After accusations from ex-SA senator, finance committee pledges more transparency

Media Credit: Hatchet File Photo

Shashwat Gautum, a former Student Association senator, accused current student leaders of ditching their responsibilities to keep the group transparent.

After the student body approved a fee increase last year to bulk up the Student Association budget, senators promised that the campus would get more financial transparency in return.

But the regulations they passed didn’t all happen – at least, not until this week, after a former senator accused the Student Association finance committee of shirking accountability by not disclosing financial details for groups that receive the SA’s largest financial allocations.

The finance committee updated its bylaws this week to comply with two bills passed almost a year ago.

Ryan Counihan, chair of the SA Senate’s finance committee, and last year’s senate leader, Abby Bergren, both said the bylaw changes were lost in the shuffle as the group switched leadership last spring.

While the committee failed to formally update its governing document – which Bergren called “an honest mistake” – Counihan said the finance committee still gave out money according to last spring’s big financial reform bill.

But he said the group failed to enforce one key part of the legislation, which required umbrella organizations, like the Student Bar Association and the Club Sports Council, to disclose how leaders divided up its large pool of funds.

That misstep should not be ignored, said former graduate student senator Shashwat Gautam. Gautam launched an online campaign this week calling for the resignation of top SA leaders – including Counihan, SA President Julia Susuni and Executive Vice President Kostas Skordalos.

The committee published the updated bylaws online Tuesday, just hours after Gautam’s website launched. Gautam had previously emailed Counihan alerting him of the outdated bylaws last week, and then launched his website days later.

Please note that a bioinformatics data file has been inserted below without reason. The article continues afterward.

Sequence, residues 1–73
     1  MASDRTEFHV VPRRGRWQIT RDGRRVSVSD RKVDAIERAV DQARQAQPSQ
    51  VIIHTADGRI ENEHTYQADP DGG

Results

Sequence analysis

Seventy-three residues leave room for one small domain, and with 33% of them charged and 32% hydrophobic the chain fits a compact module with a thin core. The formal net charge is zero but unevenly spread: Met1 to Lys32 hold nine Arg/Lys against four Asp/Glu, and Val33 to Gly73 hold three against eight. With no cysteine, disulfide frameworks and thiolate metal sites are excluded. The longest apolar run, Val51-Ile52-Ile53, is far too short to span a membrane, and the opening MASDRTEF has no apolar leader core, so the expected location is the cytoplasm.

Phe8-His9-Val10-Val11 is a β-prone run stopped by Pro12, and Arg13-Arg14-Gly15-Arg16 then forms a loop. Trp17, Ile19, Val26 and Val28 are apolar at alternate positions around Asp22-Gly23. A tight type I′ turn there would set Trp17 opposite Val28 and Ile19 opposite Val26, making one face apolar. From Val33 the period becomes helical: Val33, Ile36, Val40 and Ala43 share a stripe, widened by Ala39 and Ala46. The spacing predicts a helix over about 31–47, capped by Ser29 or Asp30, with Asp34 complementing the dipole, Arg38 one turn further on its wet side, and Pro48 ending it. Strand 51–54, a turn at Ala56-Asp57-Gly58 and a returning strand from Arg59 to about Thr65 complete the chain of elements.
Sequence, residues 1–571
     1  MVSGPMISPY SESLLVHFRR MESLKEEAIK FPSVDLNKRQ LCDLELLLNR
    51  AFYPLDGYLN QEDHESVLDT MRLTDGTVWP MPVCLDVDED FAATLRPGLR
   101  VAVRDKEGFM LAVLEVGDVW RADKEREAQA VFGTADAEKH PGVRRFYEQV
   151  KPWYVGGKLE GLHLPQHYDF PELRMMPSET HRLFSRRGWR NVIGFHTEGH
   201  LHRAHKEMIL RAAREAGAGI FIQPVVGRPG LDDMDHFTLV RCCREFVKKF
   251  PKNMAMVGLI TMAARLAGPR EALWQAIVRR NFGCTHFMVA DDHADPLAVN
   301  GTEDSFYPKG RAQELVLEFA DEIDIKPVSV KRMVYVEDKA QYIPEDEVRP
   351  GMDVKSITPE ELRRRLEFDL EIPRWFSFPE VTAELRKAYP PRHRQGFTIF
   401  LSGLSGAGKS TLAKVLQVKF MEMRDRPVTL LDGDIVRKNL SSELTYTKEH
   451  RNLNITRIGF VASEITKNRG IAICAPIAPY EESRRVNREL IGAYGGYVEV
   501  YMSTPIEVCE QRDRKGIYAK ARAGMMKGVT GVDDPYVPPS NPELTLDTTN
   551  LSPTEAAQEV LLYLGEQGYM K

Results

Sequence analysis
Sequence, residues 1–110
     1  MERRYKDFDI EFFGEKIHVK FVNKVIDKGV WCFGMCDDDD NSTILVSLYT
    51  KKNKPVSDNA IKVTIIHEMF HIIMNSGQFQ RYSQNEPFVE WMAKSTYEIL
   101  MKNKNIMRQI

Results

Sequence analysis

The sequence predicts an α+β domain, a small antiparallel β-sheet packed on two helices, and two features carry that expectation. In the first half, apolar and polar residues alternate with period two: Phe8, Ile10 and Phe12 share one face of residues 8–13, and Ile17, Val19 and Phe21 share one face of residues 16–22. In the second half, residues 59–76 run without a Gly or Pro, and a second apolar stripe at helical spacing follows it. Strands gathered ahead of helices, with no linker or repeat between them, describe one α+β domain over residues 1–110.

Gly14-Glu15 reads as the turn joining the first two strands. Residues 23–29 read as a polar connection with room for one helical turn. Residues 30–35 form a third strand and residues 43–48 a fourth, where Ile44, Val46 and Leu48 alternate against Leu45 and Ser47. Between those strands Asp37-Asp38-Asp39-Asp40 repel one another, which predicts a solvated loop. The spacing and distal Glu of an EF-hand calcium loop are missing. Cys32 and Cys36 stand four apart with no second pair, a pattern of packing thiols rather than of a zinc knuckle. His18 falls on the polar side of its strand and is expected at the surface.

The legislation would have made public the budgets of all “umbrella” organizations, which have faced criticism for doling out cash from their large chunk of funds without public scrutiny. Umbrella organizations typically receive the largest allocations – some bringing in thousands of dollars – from the SA.

Gautam, who was a lead sponsor on that bill, called it the “biggest achievement of last year’s SA.” He said financial transparency was even more important because of the student fee hike, which will double the SA’s budget over the next decade.

“We promised to take more money from students because we promised we would be more accountable. Everything has focused on accountability and transparency,” Gautam said.

Counihan said after he noticed the regulations were not in the SA Senate’s charter last semester, he worked on a bill that added the measures already passed into the bylaws and also added tweaks to the process. It is slated to go to a vote in the Senate on Monday.

The bylaws will be updated in time for the finance committee to allocate its more than $1 million budget to hundreds of student organizations seeking funding for next year.

Bergren, last year’s senate leader, said the out-of-date bylaws were accidental. She added that she didn’t have direct access to the page on the SA’s website that keeps the bylaws because it is managed by an outside administrator.

“Because we are constantly sending new documents and information, some things get lost in translation,” Bergren said. “It’s an honest mistake that this year’s SA has been working on and trying to rectify in a way that is fair to both students and student group leaders.”

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